Phase Two: Out-of-Grade-Level Mathematics Abilities Assessment
The objective in phase two is to separate the mathematically talented students from those who are merely good students in mathematics and to begin assessing the extent of the ability of the mathematically talented students.
Step One. Students who are scheduled to take the out-of-grade-level test, along with their parents, should be informed about the nature of this test and the reason it is being given. The out-of-grade-level test would then be administered with student and parent consent. Figure 2 provides a sample schedule for such testing.
Figure 2. Testing Schedule
Current Grade Out-of-Grade-Level Test
1st 3rd grade - Fall
2nd 4th grade - Fall
3rd 5th grade - Spring
4th 7th grade - Fall
5th 8th grade - Fall
6th 9th grade - Spring
7th 11th grade - Fall
8th 12th grade - Fall
Step Two. The results of each student's out-of-grade-level test should be evaluated in conjunction with the results of phase one screening. Generally, the student's out-of-grade-level score will be an indication of degree of mathematical talent. Scores above the 74th percentile represent a degree of mathematical talent similar to that of students identified in regional talent searches such as the one conducted by Johns Hopkins University. This level of talent places the student in the upper 1% of the population in mathematics ability. Scores above the 64th percentile denote a level of talent that most likely places the student in the upper 3% of the population. Students in these two groups would be identified as mathematically talented.
What Instructional Approaches Benefit Mathematically Talented Students?
Students identified as mathematically talented vary greatly in degree of talent and motivation. No single approach is best for all of these students. The design of each student's instructional program in mathematics should be based on an analysis of individual abilities and needs. For example, students with extremely high ability and motivation may profit more from a program that promotes rapid and relatively independent movement through instructional content. Students with less ability or lower motivation may do better in a program that is not paced so quickly and is more deliberate in developing the mathematical concepts being taught. There are some common features, however, that seem to be important ingredients in the mathematics programs of mathematically talented students.
The program should bring mathematically talented students together to work with one another in the area of mathematics. Students will benefit greatly, both academically and emotionally, from this type of experience. They will learn from each other, reinforce each other, and help each other over difficulties.
The program should stress mathematical reasoning and develop independent exploratory behavior. This type of program is exemplified by discovery learning, looking for underlying principles, engaging in special projects in mathematics, problem solving, discovering formulas, looking for patterns, and organizing data to find relationships.
The mathematics program should de-emphasize repetitious computational drill work and cyclical review. This type of work in mathematics should be minimal for all mathematically talented students. As ability in mathematics increases, the benefits to be gained from this type of activity decrease.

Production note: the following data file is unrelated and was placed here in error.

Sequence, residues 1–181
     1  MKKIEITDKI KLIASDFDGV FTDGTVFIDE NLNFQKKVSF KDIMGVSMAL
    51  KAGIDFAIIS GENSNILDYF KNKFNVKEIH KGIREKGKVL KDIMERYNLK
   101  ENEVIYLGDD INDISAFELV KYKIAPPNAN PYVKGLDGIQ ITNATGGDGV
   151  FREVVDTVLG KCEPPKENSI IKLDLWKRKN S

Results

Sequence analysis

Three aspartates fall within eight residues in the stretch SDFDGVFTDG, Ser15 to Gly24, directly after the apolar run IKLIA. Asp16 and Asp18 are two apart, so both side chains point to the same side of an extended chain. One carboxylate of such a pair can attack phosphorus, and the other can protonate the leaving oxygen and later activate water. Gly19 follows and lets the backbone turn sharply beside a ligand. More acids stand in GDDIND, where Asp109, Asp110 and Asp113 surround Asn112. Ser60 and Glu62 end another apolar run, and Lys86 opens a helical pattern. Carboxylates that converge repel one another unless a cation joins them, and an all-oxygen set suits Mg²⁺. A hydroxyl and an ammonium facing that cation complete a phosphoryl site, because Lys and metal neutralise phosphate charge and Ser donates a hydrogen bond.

The scope of the mathematics curriculum should be extensive so that it will provide an adequate foundation for students who may become mathematicians in the future. In many programs the mathematics curriculum will have to be greatly expanded to meet this need.
The mathematics program should be flexibly paced. Flexibly paced means that students are placed at an appropriate instructional level on the basis of an assessment of their knowledge and skill. Each student is then allowed to progress at a pace limited only by his or her ability and motivation. Flexible pacing can be achieved in the following ways:
- Continuous progress. Students receive appropriate instruction daily and move ahead as they master content and skill.
- Compacted course. Students complete two or more courses in an abbreviated time.
- Advanced-level course. Students are presented with course content normally taught at a higher grade.
- Grade skipping. Students move ahead 1 or more years beyond the next level of promotion.
- Early entrance. Students enter elementary school, middle school, high school, or college earlier than the usual age.
- Concurrent or dual enrollment. Students at one school level take classes at another school level. For example, an elementary school student may take classes at the middle school.
- Credit by examination. Students receive credit for a course upon satisfactory completion of an examination or upon certification of mastery.
The fate of Sara and other mathematically talented students will be determined largely by the ability of their parents and educators to discover and nurture their special ability. The notion that these students will achieve their potential anyway is constantly refuted. For too many students like Sara, lack of appropriate mathematical nourishment seems to be the rule rather than the exception. At risk are the benefits that these children might gain from early advancement and the attitudes that these children will have toward mathematics, school, learning in general, and themselves. By discovering the mathematical talent of these students and using that knowledge to provide appropriate academic nurture, we have the greatest chance to help these individuals reach their gifted potential.
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Prepared by Richard C. Miller, Supervisor of Gifted Programs, Appalachia Intermediate Unit 8, Department for Exceptional Children, Hollidaysburg, PA.
ERIC Digests are in the public domain and may be freely reproduced and disseminated, but please acknowledge your source. This publication was prepared with funding from the U.S. Department of Education, Office of Educational Research and Improvement, under Contract No. RI88062007. The opinions expressed in this report do not necessarily reflect the positions or policies of OERI or the Department of Education.